Flying with oxygen

Hi my parent been told he has to take his own oxygen on the plane to turkey we have been cleared by jet 2 to take 2 cylinders.now doctor says he might have to take 3 cylinders if he can go as had a chest infection suffers with copd.does he have to keep oxygen mask on throughout the flight?and will he be ok if he doesn't take oxygen for the last hour?what will happen if he doesn't take it?first time travelling with oxygen probley the last to much hassle nobody knows advice I want

40 Replies

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  • I have been checking into oxygen for travel myself and I wish I could advise you but I don't know much yet. I am learning that renting oxygen is only good in the continental USA and if you want to go out of the country I think you need your on machine. They are expensive between 2k and 3 k... I also learned that you need 2.5 times the battery life for a Portable oxygen concentrator when you fly. I don't think the airlines makes you wear the oxygen. It depend upon the patients needs.

    Maybe you could call inogen and see if they can help you with things. I do not think it is that difficult it just seems like it while learning everything. Good luck.

  • Hi my partner got to take the oxygen cylinders on board which is free charge from doctors as he had a fit to fly test where as Thomson airflow supply the oxygen which is better so u don't carry them arould.just wondering what happens if he doesn't use it Altime on flight.thanks for reply

  • I used to be able to use my inogen portable oxygen concentrator on airlines the have to be an approved model for flying you also need a letter from the Dr. Iam unable to fly anymore as I am now on oxygen 24/7 with a flow of 8 liters constant and airlines do not allow live oxygen tanks

  • I'm sorry to say from what you have said I think the gentleman should think again about taking this trip, if he is suffering with a chest infection particularly so. I think you would find the insurance company would not cover him for chest related problems anyway now.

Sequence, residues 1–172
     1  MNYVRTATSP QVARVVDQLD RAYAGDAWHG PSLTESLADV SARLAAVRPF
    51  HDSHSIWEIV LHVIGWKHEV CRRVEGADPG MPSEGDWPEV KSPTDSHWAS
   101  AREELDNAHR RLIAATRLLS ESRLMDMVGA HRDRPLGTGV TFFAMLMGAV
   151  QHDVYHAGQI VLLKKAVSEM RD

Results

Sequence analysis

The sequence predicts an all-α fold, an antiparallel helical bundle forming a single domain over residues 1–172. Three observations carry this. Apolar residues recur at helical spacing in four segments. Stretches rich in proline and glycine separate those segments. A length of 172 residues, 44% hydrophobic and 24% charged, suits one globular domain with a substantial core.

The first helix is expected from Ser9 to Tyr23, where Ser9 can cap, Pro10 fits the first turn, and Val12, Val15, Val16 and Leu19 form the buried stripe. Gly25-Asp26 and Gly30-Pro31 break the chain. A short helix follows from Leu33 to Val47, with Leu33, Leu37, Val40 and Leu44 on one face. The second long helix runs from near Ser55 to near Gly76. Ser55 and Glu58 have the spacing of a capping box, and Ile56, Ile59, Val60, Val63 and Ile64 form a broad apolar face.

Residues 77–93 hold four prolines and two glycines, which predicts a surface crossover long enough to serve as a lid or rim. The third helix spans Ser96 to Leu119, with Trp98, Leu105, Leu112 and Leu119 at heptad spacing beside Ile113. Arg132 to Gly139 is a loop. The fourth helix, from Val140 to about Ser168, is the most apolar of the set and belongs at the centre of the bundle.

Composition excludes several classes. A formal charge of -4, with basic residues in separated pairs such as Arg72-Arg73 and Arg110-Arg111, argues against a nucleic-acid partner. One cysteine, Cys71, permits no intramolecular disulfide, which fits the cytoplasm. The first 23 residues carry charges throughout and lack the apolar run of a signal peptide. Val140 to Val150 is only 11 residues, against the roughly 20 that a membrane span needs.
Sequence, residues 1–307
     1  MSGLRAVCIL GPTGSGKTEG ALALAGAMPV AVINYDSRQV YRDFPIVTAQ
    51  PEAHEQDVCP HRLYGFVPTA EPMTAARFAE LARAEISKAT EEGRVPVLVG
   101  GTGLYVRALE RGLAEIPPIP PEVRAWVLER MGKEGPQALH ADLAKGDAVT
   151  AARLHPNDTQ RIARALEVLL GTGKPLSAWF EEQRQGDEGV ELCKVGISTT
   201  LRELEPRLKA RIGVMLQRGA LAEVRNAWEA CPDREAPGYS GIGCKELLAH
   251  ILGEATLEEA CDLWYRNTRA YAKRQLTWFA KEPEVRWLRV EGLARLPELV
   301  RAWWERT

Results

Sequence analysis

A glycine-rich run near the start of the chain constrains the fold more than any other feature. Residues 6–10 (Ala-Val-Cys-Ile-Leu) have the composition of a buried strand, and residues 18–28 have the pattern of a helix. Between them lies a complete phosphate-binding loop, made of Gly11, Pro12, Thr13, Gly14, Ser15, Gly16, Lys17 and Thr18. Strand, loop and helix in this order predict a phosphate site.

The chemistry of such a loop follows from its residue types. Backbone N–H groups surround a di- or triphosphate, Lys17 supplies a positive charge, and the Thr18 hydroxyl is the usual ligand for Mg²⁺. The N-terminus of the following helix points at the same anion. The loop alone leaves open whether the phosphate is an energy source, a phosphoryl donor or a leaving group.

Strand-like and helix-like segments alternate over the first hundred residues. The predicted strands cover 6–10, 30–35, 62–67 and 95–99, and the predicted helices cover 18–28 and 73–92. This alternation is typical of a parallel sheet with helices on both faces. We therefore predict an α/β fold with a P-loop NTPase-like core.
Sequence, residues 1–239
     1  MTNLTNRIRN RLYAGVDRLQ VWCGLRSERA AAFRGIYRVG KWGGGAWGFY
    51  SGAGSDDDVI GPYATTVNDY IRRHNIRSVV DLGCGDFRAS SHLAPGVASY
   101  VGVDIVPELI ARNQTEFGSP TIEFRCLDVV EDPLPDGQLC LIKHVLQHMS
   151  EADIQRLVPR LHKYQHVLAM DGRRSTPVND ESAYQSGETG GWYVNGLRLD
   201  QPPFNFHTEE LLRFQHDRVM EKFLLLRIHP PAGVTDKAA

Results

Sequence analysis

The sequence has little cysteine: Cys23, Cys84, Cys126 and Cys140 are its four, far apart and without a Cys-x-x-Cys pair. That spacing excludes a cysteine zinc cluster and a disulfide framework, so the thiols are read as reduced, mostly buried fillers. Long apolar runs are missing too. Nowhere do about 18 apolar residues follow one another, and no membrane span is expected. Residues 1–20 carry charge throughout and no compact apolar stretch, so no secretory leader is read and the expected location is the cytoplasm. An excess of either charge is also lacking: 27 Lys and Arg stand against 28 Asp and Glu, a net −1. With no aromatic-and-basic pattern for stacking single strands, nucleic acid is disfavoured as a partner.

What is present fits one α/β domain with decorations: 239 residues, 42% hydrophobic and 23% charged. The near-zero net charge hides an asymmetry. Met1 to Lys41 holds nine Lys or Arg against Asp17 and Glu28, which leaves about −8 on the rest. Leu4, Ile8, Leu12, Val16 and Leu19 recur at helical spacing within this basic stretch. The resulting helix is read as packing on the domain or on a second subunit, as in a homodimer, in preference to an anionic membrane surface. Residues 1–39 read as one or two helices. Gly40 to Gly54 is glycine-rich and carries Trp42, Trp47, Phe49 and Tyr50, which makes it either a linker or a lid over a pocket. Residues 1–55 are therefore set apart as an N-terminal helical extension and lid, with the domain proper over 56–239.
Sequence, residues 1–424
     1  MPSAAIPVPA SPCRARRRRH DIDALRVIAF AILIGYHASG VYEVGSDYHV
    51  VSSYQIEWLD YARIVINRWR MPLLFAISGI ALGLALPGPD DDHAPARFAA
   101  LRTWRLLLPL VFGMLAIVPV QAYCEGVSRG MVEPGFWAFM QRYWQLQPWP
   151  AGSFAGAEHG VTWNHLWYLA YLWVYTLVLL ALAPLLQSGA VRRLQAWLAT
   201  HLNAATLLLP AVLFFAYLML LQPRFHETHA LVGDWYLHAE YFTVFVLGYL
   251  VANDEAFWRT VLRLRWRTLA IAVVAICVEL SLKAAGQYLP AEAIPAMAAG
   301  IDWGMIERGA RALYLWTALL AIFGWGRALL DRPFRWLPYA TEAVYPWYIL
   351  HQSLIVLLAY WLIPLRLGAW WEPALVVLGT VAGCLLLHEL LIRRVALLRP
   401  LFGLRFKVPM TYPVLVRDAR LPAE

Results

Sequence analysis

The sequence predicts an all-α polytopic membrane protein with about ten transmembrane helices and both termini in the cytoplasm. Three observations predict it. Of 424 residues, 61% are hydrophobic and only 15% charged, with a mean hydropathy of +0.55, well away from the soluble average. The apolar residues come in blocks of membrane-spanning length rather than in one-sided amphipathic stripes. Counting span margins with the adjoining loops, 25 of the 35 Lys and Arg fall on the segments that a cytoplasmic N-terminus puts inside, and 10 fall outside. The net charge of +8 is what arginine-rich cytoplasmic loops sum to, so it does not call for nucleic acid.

At all costs don't consider not taking O2 for the last hour he could run into all sorts of problems.

    Presumably you have in place arrangements for O2 at your destination and for the transfer from the airport. If he needs oxygen on the flight does he need it normally?

    I understand the desire to take a holiday, I have just gone through all the 'hassle' as you say myself.

    I'm sorry I can't help and that this is discouraging for you please consider thoroughly, and take care.

  • Hi my partner had chest infection last week he goes for check up today I was just wondering if he doesn't use it all the way through flight?he doesn't use oxygen at home and doesn't need it at resort just on plane.thanks

  • But why only on plane ?

  • Because everybody's oxygen levels drop whilst in flight. Some of ours are low anyway and not good if they go even lower! Joy

  • Hi as it's the pressure on the plane everything shrinks when u on the plane.

  • the altitude that the plane fly's at changes your oxy level. I had an experience of that just flying to Spain believe me it was really scary. Had fit to fly test next holiday and have to have it, in fact on it 16 hours a day now.

  • Have tried to speak to Jer2 about allowing another. Cylinder I have found them helpful, don't be tempted to go without,

  • I have travelled frequently from the UK into Europe but not to Turkey. I have always taken 2 oxygen cylinders with me and use them with a conserver which is supplied by whoever supplies his home oxygen. That way an oxygen tank lasts twice as long as normal. He does not need it for take off or landing but does for the rest of the flight. He should certainly not fly if he has a chest infection so he must be well. Hope this helps you

  • Thank you

  • Hi Josse

    It all depends. The way you have put it all it sounds like he is on oxygen 24/7 You take oxygen if and when you need it. You make it sound like he needs it all the time, you will not be able to get insurance for him and Turkey not in the EEC so no free medical. You will not be doing him any favours totake hm If on oxygen 24/7.

  • No sorry he only takes oxygen on flights we only got told that this week thanks